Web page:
Contact Us

How Does RADIUS Authentication Work?

What is RADIUS and How it Works?
14 Apr 2024

What is RADIUS?

Let’s take a look at the major players in the industry. We’ll take the guesswork out of the equation for you and focus on the 4 “best” organizations in the RADIUS market. The following should help you make a decision as to which solution is most appropriate for your organization.

Imagine a technology that acts as the gatekeeper of your network, meticulously determining who gets in and who stays out. That’s RADIUS (Remote Authentication Dial-In User Service) for you, a client-server protocol that resides at the heart of network security, operating in the application layer. At its core, RADIUS involves two main characters: the RADIUS Server and its clients.

RADIUS Clients, also known as Network Access Servers, are the front-line defenders, the networking devices (think VPN concentrators, routers, switches) that engage directly with users seeking access. The RADIUS Server, on the other hand, is the brain of the operation, running silently on a UNIX or Windows server, maintaining a central repository of user profiles. This centralization empowers you with absolute control over network connections.

When an access attempt is made, the RADIUS Client reaches out to the RADIUS Server, seeking approval. Only upon successful authentication and authorization by the server can the user connect to the client. This RADIUS setup, while varied across different environments, universally provides AAA (Authentication, Authorization, and Accounting) capabilities. Some setups even allow a RADIUS Server to serve as a proxy, forwarding requests to other RADIUS Servers.

RADIUS Servers are pivotal for businesses aiming to secure their systems and user data, offering a solid foundation for security management and server administration policy formulation.

RADIUS Authentication – How it Works

The authentication journey with a RADIUS Server is multifaceted, supporting diverse methods to authenticate a user. This journey typically kicks off with a user attempting to connect to a RADIUS Client using credentials (username and password). Here’s a step-by-step breakdown of the process:

  1. 1 A user’s authentication plea is carried to the RADIUS Server by the Client through an Access-Request message, encrypted for security.

  2. 2 The RADIUS Server validates the message’s origin using a shared secret. Unrecognized sources are outright rejected.

  3. 3 Authorized Clients have their authentication method evaluated by the server.

  4. 4 The server then compares the provided credentials against its user database, retrieving additional information for successful matches.

  5. 5 It further examines if there’s an access policy in line with the user’s credentials.

  6. 6 Absence of a matching policy results in Access-Reject, blocking system access for the user.

  7. 7 A matching policy triggers an Access-Accept, green-lighting the access.

  8. 8 This Access-Accept includes a shared secret and a Filter ID attribute, which helps in grouping users within the RADIUS environment based on similar attributes.

  9. 9 Post shared secret validation, the user is authenticated, authorized, and granted access.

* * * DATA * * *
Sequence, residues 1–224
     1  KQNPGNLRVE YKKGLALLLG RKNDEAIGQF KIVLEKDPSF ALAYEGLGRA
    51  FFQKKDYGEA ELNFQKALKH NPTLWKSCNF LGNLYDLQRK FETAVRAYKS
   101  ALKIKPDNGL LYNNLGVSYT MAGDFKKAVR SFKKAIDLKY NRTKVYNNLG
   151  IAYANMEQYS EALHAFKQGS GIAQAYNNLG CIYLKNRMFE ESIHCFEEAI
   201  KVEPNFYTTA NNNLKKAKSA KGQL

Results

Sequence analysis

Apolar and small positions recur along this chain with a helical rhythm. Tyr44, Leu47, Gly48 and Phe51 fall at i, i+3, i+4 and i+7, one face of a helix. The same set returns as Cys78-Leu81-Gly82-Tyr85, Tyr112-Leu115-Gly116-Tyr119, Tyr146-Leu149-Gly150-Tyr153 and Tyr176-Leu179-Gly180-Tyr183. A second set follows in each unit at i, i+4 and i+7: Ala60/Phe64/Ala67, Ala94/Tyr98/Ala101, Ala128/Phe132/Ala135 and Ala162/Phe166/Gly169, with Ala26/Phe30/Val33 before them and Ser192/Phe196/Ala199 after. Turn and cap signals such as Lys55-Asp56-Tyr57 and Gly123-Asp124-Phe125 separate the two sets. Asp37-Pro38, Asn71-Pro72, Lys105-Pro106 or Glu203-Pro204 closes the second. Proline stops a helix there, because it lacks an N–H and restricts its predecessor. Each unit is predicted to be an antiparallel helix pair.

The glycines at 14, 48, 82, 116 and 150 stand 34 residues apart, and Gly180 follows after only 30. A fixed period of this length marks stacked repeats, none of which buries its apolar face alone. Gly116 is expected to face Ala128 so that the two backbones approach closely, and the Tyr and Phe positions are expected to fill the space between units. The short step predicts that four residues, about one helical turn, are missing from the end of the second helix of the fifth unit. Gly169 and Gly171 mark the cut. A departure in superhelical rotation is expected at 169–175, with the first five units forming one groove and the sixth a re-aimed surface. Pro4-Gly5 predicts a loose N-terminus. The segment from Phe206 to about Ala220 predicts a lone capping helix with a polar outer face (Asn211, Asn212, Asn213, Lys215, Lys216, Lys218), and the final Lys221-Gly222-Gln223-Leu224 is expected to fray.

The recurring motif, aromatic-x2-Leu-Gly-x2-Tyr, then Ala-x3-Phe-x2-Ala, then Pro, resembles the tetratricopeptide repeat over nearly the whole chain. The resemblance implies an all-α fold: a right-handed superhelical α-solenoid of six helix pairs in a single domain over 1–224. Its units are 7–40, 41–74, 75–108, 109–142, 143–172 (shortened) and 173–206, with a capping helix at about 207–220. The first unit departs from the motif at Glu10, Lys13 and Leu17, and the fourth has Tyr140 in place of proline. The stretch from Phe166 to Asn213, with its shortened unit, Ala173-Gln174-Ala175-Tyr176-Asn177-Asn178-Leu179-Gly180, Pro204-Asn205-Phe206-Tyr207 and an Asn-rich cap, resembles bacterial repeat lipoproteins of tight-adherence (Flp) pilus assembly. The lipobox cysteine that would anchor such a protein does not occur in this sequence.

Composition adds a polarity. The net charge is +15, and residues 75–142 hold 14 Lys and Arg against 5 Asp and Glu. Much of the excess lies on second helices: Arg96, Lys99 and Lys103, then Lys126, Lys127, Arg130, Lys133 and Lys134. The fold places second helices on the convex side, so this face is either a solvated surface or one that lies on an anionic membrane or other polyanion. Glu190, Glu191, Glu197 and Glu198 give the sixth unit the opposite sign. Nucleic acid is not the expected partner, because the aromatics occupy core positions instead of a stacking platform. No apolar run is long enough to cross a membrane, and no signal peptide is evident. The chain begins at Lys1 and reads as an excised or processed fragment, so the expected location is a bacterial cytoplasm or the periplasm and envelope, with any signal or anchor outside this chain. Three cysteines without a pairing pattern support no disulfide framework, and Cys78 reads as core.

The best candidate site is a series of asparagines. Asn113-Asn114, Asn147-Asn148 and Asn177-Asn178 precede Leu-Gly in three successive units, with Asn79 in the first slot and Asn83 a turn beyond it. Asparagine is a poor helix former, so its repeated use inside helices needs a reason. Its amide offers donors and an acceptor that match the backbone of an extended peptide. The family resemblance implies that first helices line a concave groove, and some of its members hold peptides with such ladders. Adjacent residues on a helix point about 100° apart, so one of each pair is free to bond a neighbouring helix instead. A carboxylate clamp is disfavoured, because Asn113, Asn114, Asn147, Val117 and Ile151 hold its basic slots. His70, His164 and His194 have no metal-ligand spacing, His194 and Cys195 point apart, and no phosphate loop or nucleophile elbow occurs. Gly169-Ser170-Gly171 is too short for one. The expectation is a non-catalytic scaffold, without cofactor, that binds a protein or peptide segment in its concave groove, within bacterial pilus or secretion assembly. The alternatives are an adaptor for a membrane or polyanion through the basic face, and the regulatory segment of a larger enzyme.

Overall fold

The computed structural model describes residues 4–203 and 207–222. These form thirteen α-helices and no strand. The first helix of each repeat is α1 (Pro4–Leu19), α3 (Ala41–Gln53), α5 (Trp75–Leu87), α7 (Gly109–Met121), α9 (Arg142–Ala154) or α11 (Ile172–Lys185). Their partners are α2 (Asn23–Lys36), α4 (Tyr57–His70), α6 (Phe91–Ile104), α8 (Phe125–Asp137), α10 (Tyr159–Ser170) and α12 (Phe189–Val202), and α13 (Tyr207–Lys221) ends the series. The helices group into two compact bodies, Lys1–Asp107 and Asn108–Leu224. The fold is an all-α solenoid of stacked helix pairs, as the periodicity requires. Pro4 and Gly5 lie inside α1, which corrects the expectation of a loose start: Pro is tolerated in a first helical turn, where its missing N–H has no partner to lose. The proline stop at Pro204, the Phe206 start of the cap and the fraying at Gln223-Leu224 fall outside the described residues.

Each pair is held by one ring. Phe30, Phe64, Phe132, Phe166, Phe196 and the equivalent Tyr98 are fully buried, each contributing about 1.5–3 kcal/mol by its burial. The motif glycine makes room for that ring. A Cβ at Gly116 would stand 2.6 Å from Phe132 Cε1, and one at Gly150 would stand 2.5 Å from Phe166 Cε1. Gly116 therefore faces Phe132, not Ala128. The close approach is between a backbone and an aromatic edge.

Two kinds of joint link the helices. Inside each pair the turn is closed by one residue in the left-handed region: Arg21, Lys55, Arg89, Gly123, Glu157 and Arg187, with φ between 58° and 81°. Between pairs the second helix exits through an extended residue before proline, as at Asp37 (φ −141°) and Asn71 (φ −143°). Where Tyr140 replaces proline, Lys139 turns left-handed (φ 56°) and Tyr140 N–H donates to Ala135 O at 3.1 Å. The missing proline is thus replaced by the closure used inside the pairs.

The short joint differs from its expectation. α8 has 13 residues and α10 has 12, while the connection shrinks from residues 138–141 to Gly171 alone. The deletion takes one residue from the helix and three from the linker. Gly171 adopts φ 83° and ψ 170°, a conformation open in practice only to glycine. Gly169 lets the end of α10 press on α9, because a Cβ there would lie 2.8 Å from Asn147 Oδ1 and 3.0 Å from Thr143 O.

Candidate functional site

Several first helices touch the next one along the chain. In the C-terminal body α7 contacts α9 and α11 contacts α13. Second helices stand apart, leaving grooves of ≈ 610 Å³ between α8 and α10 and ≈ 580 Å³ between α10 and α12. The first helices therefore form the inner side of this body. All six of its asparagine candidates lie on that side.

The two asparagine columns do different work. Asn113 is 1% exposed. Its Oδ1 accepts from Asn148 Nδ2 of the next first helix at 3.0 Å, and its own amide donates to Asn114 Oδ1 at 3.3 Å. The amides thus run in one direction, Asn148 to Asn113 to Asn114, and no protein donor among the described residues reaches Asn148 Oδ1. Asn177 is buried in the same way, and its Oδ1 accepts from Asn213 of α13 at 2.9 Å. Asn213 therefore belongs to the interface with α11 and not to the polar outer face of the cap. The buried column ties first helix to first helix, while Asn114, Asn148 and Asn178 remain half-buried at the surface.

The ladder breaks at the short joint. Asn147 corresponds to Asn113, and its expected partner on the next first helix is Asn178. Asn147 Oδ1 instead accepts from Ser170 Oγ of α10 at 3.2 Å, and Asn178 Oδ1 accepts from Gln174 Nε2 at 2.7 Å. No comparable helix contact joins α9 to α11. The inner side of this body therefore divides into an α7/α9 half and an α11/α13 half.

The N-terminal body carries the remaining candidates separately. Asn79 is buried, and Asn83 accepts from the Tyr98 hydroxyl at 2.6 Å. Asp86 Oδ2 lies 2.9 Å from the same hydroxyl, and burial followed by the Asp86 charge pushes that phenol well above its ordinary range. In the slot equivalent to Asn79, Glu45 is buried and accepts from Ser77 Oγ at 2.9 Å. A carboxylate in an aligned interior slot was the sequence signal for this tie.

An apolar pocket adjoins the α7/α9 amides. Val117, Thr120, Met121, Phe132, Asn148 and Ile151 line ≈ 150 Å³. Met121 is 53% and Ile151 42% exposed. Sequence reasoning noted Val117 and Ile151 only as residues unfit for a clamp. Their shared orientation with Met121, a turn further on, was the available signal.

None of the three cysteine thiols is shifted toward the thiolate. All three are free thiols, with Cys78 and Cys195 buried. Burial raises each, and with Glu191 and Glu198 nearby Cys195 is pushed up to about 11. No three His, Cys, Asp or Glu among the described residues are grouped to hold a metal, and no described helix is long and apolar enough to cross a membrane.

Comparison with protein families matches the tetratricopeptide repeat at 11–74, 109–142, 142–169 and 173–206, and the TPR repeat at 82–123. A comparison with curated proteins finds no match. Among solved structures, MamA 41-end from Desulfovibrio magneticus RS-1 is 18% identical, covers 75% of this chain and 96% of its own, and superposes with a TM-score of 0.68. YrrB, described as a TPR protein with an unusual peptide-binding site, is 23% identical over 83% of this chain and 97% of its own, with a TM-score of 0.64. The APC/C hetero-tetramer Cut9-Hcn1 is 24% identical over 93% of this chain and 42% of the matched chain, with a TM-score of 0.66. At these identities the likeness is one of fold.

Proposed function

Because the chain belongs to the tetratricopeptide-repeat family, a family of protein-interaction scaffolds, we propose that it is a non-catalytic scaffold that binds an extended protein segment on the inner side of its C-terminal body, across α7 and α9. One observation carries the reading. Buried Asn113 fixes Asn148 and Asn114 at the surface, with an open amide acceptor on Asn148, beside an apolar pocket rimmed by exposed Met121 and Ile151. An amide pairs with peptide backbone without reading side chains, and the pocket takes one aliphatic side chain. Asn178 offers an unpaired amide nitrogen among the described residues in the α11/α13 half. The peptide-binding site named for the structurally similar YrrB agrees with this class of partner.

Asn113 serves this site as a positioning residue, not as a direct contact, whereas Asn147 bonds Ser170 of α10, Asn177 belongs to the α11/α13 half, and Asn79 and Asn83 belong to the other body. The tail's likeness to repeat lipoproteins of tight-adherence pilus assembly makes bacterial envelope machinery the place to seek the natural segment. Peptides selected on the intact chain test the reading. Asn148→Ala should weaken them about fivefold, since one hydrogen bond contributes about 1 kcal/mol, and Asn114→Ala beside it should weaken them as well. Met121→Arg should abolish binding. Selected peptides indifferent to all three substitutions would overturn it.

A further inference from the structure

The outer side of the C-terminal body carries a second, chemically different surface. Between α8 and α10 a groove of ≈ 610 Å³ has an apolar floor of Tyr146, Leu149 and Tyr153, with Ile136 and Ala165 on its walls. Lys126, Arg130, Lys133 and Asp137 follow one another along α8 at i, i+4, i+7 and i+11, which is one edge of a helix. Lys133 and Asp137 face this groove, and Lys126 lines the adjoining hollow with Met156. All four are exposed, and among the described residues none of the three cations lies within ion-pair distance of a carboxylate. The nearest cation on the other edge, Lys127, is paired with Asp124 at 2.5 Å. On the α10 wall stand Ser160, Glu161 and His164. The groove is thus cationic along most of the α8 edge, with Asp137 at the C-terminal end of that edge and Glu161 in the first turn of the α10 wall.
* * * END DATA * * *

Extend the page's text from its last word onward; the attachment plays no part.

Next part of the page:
Authorization with RADIUS – How it Works

Upon successful authentication, RADIUS performs authorization to ensure users are granted appropriate network privileges:

  1. 1 Verify the user has access to the network based on their authentication and associated policies.

  2. 2 Assign the correct VLAN to the user, aligning network access with organizational policies and user roles.

  3. 3 Advanced RADIUS implementations, like EZRADIUS, offer enhanced authorization options including Entra ID group membership checks or device compliance assessments. This allows for dynamic and context-sensitive access control, further securing the network environment.

Accounting with RADIUS – How it Works

EZRADIUS also excels in accounting, gathering data for network monitoring or statistical analysis. This function kicks in post-access approval and can operate independently of the authentication and authorization processes. The accounting cycle encompasses:

  1. 1 The initiation of an Accounting Start packet to the RADIUS Server upon user access.

  2. 2 Periodic Interim Update packets sent during the session, detailing session duration and data usage.

  3. 3Conclusion of access triggers an Accounting Stop packet, cataloging session metrics and disconnection details.

RADIUS Servers are not just about keeping unwanted guests out; they’re about empowering organizations with the tools to manage network access securely and efficiently. They seamlessly integrate into existing systems, offering unique network permissions on a user-by-user basis.

The Best RADIUS Solution – EZRADIUS by Keytos

The utility of RADIUS Servers is vast, making them an invaluable addition to any network seeking robust security and management features. For those intrigued by the possibilities of integrating RADIUS into their systems, Keytos presents EZRADIUS as a streamlined solution. Discover more by engaging with our RADIUS specialists or diving documentation for a deeper understanding of EZRADIUS’ capabilities. In the meantime, if you’d like to schedule a time to speak with on our PKI Experts, please use the previous link to do so!

You Might Also Want to Read